For Release Upon Receipt – May 23, 2006
Contact: Linda Grosser, 617-358-1295, email@example.com
NSF Workshop Future Directions in Systems Research for Networked Sensing Draws Leaders
from Across the Continent
(Boston) – On May 25–26 leaders in the field of sensor networks will converge on Boston University for the National Science Foundation Workshop: Future Directions in Systems Research for Networked Sensing in the Photonics Building, 8 Saint Mary’s Street, Room 906.
The workshop brings together the most renowned scholars in the field of distributed sensing and control and will draw over 140 academic and industry leaders from across North America and Europe. The workshop includes a panel of industry and government experts.
“Research in this area continues to grow exponentially, in part because the issues of scalability, reliability, security, power, and performance create an optimal playground for systems researchers, and in part because of the enormous potential to revolutionize the globe in areas such as healthcare, industry, the environment and defense,” says Venkatesh Saligrama, workshop chair and professor, Department of Electrical and Computer Engineering, Boston University.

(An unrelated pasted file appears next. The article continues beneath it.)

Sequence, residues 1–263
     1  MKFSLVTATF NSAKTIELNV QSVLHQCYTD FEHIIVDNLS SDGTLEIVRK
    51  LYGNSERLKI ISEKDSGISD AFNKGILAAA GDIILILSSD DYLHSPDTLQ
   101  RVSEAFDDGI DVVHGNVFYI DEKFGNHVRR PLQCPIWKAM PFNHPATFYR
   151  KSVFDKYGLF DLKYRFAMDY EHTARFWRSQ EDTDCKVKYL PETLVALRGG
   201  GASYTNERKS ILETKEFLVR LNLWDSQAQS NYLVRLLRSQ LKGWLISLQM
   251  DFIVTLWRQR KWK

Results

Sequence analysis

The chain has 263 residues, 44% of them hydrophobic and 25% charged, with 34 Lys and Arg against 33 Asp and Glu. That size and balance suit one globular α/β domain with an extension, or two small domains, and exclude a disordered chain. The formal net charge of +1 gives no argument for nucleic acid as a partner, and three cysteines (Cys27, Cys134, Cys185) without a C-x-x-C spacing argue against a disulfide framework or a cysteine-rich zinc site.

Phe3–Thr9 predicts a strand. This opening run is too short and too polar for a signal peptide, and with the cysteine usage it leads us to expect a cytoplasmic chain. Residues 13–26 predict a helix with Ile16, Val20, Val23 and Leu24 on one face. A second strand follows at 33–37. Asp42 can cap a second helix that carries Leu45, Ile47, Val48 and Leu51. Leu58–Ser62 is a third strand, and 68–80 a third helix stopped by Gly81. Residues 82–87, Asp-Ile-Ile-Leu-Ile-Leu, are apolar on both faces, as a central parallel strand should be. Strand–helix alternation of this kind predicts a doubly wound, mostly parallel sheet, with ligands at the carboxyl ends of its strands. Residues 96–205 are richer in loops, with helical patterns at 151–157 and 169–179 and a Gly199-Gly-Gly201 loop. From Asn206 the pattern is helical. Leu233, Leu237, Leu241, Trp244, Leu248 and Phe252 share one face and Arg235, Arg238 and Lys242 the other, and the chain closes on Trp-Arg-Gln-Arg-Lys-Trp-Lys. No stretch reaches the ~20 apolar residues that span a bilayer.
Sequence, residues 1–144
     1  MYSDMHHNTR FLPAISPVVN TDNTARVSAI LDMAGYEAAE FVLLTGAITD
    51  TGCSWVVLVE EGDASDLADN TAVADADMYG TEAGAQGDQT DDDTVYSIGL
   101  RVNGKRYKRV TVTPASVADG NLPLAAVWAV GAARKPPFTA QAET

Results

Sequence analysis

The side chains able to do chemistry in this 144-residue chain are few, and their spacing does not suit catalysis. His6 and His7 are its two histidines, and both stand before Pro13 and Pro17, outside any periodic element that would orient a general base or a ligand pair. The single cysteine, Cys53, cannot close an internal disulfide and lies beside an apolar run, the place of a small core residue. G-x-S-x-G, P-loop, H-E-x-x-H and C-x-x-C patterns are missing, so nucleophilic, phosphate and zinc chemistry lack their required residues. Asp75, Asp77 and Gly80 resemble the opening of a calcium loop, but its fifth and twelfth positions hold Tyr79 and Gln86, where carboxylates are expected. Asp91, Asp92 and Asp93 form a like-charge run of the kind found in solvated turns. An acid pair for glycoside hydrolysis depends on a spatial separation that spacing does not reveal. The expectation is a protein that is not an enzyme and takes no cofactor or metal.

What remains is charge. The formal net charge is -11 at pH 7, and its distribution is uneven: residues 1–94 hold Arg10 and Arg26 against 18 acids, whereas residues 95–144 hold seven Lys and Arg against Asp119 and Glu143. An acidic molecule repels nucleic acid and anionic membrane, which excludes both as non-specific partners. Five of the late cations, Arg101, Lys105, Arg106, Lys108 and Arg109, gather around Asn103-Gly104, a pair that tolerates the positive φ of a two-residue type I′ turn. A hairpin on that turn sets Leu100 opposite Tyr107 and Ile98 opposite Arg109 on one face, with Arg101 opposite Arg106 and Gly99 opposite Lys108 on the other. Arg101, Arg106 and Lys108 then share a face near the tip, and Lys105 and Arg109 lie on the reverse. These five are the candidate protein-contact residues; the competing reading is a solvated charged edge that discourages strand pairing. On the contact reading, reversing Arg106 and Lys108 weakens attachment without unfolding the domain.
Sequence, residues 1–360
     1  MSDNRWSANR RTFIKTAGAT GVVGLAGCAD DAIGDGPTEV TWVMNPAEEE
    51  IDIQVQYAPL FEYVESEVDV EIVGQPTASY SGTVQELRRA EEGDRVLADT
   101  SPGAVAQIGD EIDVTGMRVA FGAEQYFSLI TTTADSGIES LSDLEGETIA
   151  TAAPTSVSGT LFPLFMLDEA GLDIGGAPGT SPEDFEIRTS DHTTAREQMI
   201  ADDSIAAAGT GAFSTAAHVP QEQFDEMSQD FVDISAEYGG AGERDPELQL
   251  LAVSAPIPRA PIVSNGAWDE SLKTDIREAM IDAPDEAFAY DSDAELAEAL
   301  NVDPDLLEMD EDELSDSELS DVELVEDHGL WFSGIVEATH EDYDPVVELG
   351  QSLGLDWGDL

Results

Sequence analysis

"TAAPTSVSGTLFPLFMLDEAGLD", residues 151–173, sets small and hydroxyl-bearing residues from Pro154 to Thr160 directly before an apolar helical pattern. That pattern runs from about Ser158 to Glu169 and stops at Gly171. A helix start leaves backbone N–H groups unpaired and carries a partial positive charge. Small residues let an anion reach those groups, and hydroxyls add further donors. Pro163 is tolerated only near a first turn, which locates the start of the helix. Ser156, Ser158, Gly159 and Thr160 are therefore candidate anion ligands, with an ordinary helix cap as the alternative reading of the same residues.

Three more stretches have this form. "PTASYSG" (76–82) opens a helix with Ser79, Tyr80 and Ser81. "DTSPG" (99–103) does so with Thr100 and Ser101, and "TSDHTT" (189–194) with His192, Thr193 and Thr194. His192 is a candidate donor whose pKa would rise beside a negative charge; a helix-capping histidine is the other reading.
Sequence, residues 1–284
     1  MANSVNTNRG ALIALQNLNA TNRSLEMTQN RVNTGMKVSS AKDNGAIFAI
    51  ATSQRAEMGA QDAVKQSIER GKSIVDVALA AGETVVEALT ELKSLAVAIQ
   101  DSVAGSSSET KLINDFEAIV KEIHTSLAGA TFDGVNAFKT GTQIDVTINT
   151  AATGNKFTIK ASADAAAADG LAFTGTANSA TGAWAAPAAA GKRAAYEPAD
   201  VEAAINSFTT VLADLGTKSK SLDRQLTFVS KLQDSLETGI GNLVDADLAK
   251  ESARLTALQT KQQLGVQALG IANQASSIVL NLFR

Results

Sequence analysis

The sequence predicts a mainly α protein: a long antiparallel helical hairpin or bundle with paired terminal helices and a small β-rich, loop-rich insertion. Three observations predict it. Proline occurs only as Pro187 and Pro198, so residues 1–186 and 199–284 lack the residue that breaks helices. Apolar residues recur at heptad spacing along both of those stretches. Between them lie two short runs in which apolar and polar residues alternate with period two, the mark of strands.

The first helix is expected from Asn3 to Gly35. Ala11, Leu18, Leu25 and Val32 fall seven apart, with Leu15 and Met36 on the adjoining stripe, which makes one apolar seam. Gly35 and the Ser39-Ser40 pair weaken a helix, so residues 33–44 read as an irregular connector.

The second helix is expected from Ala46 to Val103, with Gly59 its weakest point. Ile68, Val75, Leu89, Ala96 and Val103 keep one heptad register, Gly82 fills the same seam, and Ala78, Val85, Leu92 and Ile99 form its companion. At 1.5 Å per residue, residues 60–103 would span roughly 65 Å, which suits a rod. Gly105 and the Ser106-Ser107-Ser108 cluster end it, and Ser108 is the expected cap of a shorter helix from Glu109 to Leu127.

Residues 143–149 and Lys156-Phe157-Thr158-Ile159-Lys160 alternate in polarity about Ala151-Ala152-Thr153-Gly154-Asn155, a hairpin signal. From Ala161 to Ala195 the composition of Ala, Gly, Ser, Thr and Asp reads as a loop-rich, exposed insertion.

Attendees hail from pre-eminent research institutions including University of California at Berkeley, University of Illinois at Urbana-Champaign, McGill University, Université Catholique de Louvain, Massachusetts Institute of Technology, Harvard University, Princeton University, and Yale University.
Government leaders from the Office of Naval Research, the Army Research Office, Oak Ridge National Laboratory, and Los Alamos National Laboratory will highlight the impact of sensor networking on issues of national importance.
Industry leaders, including Sensor Network Consortium (SNC) members Crossbow Technology, Honeywell, IBM, Sun Microsystems, Millennial Net, and the Mitre Corporation, will be participating. The workshop was organized in coordination with the semi-annual SNC member meeting taking place on May 24.
The workshop is sponsored by the NSF Division of Electrical and Communications Systems and hosted by the Department of Electrical and Computer Engineering and the Center for Information and Systems
Engineering at Boston University.
For more information, please see http://www.bu.edu/snc.